Overall, organic growers indicated that they typically spend significantly more (an additional $211 USD per acre on average) for overall cruciferous vegetable pest management than conventional growers [U = 961.5, P = 0.020 (Table 3)]. Similarly, organic growers would be willing to spend 2.1 times more (maximum) on total cruciferous vegetable pest management than conventional growers (U = 970, P = 0.024). We hypothesized that organic growers would be willing to spend more on pest management, specifically alternatives to insecticides, because organic produce is often sold for higher prices. In addition, organic agriculture principles favor an integrated pest management approach, including cultural, biological, and physical controls in addition to insecticides. Many growers expressed that they do not like to spray, and would be willing to pay for alternatives to insect exclusion netting. As a result, organic growers reported a significantly higher willingness to pay than conventional growers for alternatives to insecticides for cruciferous vegetables (U = 1005, P = 0.041).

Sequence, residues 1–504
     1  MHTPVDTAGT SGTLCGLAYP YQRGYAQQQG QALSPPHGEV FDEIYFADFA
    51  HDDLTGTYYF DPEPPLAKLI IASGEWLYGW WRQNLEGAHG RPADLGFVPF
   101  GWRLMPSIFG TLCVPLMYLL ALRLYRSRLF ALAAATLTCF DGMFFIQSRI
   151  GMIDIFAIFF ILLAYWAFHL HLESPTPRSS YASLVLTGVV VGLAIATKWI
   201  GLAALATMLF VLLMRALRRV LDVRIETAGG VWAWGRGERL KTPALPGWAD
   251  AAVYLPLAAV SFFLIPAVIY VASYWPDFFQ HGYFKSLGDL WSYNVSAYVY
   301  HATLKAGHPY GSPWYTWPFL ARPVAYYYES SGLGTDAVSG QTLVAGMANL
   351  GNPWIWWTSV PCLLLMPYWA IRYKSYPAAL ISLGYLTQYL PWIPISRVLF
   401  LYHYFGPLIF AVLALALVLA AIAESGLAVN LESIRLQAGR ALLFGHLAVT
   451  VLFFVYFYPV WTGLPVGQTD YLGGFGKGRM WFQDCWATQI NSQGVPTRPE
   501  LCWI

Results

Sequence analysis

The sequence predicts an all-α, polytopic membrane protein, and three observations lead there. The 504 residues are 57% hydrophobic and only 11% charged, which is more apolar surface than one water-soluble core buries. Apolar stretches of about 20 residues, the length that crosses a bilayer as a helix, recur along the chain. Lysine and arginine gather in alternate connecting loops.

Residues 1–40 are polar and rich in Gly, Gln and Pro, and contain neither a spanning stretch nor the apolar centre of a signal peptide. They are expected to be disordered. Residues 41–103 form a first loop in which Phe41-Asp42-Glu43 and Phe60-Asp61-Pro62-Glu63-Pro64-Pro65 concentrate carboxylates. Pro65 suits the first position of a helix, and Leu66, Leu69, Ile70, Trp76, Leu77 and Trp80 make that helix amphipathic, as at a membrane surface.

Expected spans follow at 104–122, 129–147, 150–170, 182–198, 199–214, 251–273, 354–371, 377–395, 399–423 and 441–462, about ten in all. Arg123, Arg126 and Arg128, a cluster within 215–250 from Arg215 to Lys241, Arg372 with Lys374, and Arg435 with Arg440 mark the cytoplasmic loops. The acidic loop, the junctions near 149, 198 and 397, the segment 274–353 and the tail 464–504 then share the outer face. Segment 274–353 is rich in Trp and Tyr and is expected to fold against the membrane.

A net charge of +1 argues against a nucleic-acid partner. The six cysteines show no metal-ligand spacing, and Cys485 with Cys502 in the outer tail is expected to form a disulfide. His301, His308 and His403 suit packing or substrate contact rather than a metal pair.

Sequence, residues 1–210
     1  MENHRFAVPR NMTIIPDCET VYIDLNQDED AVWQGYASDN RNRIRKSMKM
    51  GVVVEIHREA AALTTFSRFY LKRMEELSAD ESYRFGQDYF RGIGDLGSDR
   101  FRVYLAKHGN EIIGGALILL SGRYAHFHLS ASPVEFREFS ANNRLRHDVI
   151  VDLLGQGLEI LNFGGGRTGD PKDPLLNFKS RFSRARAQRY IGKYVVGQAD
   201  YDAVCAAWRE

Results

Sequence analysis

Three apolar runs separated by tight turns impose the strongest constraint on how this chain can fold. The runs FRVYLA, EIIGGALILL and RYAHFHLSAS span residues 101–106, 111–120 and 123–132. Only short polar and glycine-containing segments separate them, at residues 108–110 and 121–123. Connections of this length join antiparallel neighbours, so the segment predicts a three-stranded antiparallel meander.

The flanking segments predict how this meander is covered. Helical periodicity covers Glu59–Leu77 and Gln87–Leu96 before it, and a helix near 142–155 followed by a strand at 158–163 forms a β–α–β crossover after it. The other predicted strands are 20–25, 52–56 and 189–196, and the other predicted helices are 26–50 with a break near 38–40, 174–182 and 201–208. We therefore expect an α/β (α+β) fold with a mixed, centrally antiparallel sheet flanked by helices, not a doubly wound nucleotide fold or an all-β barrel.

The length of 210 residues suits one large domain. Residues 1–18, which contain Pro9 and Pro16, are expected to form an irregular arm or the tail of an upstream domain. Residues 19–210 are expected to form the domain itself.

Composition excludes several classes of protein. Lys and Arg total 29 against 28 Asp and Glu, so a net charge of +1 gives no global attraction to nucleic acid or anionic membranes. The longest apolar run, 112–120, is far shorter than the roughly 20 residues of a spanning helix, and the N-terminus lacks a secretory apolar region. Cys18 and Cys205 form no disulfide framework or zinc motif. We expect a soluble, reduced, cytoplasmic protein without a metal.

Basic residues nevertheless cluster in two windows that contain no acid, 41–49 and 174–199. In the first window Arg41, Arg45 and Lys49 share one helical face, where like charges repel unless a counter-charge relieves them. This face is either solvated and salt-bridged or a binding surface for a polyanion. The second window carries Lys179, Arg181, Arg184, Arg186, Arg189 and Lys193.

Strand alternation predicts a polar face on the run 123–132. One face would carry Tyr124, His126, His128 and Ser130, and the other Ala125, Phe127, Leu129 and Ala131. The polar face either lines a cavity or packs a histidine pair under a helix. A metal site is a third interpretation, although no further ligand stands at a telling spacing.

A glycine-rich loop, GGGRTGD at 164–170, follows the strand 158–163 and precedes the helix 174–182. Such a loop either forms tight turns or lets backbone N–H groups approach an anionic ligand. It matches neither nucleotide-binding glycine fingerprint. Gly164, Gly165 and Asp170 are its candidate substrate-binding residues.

Table 3.

Amounts farms typically spend in US dollars (USD) and are willing to spend on cruciferous vegetable pest management reported in an online survey of vegetable growers in the northeastern and north-central United States and Ontario and Québec, Canada in 2018.

Table 3.

For swede midge management specifically, organic growers were willing to spend significantly more ($38 USD more per acre; Z = −2.335, P = 0.020) on alternatives to insecticides vs. insecticides for swede midge management. Although not statistically significant, conventional growers indicated that they would be willing to spend an average of $95 USD more per acre on alternatives to insecticides for swede midge management. It is important to note that the higher amount that conventional growers were willing to spend on alternatives for swede midge management may be skewed by the smaller sample size (n = 15) and the large variation between responses.